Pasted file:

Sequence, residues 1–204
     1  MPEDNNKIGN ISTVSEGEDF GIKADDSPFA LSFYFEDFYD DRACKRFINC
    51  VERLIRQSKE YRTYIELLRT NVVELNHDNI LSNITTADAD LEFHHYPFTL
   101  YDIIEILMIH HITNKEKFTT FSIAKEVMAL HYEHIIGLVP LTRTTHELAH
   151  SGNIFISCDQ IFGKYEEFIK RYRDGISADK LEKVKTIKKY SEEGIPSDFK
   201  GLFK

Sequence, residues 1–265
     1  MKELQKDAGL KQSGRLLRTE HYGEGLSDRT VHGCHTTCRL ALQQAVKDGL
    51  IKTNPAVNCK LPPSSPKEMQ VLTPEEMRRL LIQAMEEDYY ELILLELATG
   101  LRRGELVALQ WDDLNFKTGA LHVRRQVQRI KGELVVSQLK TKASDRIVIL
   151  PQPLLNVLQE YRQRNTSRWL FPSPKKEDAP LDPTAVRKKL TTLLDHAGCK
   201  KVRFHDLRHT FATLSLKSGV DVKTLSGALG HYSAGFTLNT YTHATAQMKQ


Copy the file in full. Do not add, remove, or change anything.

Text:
Sequence, residues 1–204
     1  MPEDNNKIGN ISTVSEGEDF GIKADDSPFA LSFYFEDFYD DRACKRFINC
    51  VERLIRQSKE YRTYIELLRT NVVELNHDNI LSNITTADAD LEFHHYPFTL
   101  YDIIEILMIH HITNKEKFTT FSIAKEVMAL HYEHIIGLVP LTRTTHELAH
   151  SGNIFISCDQ IFGKYEEFIK RYRDGISADK LEKVKTIKKY SEEGIPSDFK
   201  GLFK

Sequence, residues 1–265
     1  MKELQKDAGL KQSGRLLRTE HYGEGLSDRT VHGCHTTCRL ALQQAVKDGL
    51  IKTNPAVNCK LPPSSPKEMQ VLTPEEMRRL LIQAMEEDYY ELILLELATG
   101  LRRGELVALQ WDDLNFKTGA LHVRRQVQRI KGELVVSQLK TKASDRIVIL
   151  PQPLLNVLQE YRQRNTSRWL FPSPKKEDAP LDPTAVRKKL TTLLDHAGCK
   201  KVRFHDLRHT FATLSLKSGV DVKTLSGALG HYSAGFTLNT YTHATAQMKQ